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Oct 6, 2015

Seven tips for effective compensation planning

Having a current compensation philosophy is an important first step

By Claudine Kapel

Ah, ’tis the season. No, not the holiday season — the salary planning season.

Many organizations tackle compensation planning in the fall. It’s when the latest batch of compensation surveys are typically published and many companies set their budgets for their next round of pay increases.

Here are seven considerations to help you make the most informed decisions around pay adjustments and related matters.

Start with your compensation philosophy — or develop one. A compensation philosophy defines how an organization seeks to position itself against competitive market practice and lays out other key principles for compensation management. Do you want to lead, lag or match the market? Knowing how you want to be positioned is essential as it gives you a frame of reference for interpreting market data and assessing to what extent you have internal pay gaps.

Obtain good data sources. Reference relevant compensation surveys to assess how your organization aligns with competitive market practice. Ideally, you should use multiple data sources that cover a good cross-section of jobs in your organization — with consideration to the different functions and levels you have in place. Try to ensure you have data for your most populated jobs, as well as strategically sensitive jobs and jobs that represent hot skills and may be carrying a premium in the market.

Understand market trends regarding budgets for pay increases. Before finalizing your organization’s budget, take a look at what other organizations are doing. Various consulting firms publish research results indicating what organizations are budgeting for pay increases for the coming year, typically expressed as a percentage of payroll, including variances by geography and job category. By monitoring market trends, you’ll be able to see if your organization is keeping pace with competitive market practice. Remember, though, if your organization’s pay levels are falling short, you may need more than the typical budget for pay increases to make up for lost ground.

Don’t forget about salary structure adjustments. The same data sources that report on budgets for pay increases typically also report on market trends with respect to salary structure adjustments. Your salary ranges need to be regularly updated to ensure they keep pace with competitive market practice. If you adjust salaries but not your structure, you’ll end up with employees being artificially high in their range. Over time, this will give you a distorted picture of how competitive your internal pay levels really are relative to market.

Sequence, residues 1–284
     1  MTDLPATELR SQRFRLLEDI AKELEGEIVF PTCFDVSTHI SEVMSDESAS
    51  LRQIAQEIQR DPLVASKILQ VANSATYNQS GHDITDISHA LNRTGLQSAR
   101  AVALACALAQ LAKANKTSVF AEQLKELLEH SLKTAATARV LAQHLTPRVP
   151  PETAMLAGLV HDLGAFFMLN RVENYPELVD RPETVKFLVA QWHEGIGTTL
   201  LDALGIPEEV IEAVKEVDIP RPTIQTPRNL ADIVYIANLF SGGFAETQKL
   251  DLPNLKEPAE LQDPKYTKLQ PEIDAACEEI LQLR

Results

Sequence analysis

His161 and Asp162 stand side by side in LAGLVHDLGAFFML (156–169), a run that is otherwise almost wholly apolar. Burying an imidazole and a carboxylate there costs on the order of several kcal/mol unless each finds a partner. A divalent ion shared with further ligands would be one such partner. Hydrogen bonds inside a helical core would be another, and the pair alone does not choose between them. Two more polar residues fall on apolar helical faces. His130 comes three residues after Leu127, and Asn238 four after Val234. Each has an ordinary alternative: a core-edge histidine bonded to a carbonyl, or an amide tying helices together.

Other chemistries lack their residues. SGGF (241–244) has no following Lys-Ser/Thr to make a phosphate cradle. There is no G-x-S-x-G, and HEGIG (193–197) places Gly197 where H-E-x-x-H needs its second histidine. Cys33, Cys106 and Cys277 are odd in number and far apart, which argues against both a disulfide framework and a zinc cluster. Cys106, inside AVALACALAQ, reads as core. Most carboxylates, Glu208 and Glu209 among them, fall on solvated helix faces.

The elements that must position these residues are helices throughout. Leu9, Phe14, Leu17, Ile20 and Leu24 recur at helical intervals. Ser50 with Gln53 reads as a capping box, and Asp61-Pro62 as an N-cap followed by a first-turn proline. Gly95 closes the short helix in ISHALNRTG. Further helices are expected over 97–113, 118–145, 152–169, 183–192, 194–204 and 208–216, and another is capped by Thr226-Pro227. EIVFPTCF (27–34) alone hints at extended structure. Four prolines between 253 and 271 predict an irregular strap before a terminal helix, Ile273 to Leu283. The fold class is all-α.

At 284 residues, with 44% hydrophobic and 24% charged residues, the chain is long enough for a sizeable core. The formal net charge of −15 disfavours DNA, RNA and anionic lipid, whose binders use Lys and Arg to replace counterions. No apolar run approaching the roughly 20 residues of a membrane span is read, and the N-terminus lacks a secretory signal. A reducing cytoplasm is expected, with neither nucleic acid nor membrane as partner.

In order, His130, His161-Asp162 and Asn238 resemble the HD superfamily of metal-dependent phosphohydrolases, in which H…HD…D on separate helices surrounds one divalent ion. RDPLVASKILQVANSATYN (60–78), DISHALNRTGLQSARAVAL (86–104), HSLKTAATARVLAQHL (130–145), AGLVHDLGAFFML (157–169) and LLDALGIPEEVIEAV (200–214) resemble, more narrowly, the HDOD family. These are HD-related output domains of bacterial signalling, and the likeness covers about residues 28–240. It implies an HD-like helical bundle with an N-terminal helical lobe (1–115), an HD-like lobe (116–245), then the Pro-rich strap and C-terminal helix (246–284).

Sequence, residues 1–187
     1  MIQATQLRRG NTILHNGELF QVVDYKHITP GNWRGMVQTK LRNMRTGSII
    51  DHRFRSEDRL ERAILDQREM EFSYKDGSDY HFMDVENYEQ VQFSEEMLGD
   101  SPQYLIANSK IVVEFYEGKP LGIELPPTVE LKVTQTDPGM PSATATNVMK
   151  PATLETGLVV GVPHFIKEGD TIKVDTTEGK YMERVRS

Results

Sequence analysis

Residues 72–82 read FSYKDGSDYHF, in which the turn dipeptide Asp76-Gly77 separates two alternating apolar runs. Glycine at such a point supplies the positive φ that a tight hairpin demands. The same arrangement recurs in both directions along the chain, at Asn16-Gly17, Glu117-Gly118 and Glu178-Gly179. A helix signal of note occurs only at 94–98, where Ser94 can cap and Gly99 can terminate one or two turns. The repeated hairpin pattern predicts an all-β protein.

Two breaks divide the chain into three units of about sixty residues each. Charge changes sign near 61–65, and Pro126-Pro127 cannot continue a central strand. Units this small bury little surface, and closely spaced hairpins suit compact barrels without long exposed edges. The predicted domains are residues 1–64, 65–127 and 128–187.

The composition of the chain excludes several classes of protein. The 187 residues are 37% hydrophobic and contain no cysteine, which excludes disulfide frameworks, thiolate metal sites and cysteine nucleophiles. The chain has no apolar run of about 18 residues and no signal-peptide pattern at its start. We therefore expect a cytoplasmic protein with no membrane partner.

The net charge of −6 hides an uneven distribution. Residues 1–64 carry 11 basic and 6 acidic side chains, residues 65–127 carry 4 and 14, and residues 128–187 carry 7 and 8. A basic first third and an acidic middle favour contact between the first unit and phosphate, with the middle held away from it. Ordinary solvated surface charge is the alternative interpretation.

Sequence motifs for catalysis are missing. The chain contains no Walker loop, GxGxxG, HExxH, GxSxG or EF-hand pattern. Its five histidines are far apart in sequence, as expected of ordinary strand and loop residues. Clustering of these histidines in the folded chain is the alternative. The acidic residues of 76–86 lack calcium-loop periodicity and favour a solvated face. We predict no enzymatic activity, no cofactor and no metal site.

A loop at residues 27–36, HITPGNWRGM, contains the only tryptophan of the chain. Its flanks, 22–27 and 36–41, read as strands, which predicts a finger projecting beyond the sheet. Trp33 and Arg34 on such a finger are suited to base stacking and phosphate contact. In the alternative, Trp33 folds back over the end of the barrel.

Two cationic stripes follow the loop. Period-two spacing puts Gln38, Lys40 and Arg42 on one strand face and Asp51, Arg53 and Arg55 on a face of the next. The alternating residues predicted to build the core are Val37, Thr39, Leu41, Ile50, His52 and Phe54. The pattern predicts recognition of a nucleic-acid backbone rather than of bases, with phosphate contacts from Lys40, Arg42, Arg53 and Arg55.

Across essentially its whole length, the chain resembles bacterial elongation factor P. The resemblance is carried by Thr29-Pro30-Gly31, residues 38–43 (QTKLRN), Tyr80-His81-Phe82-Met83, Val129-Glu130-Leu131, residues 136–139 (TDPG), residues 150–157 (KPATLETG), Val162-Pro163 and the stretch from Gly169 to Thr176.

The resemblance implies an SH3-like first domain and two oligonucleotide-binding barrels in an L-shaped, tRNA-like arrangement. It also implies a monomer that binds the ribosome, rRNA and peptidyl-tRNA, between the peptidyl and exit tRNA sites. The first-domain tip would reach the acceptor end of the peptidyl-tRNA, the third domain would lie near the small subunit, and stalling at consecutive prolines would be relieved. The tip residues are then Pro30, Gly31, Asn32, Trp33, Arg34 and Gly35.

Be clear on where you stand regarding pay for performance and develop guidelines, if applicable. Many organizations seek to connect pay and performance. That means top performers should get bigger pay increases than average or low performers at the same point in their salary range. To help support pay decisions, many organizations will develop some sort of merit matrix that defines a value or range of values for pay increases based on an employee’s performance rating and position in range.

Have clear communication guidelines. To ensure your approach to pay-related communication is clear and consistent, be sure to set some ground rules about what information can be shared. Can employees access information about their own salary range? The next pay band up? The entire pay structure? Organizations are becoming more open about what they share regarding their compensation programs and how they operate. It’s important to have clear guidelines and apply them consistently.

Equip managers to have meaningful pay discussions. To support effective — and consistent — communication around compensation, it’s important to provide managers with training and tools to help them share information appropriately with their employees. Managers need to understand how programs operate — such as the criteria used to determine salary increases — as well as the types of information they can share with their people.

Ideally, managers should know how to recognize employee contributions as well as have the difficult conversations where needed. Ideally, managers should play a role in both making pay recommendations and in communicating pay increases to their people. Significant opportunities for performance-related communication and acknowledgement are lost when employees learn about pay increases from their pay stub instead of their manager.

A well-considered approach to compensation planning and delivery can help you make informed budget and pay decisions — which can help you derive the maximum value from your compensation programs.

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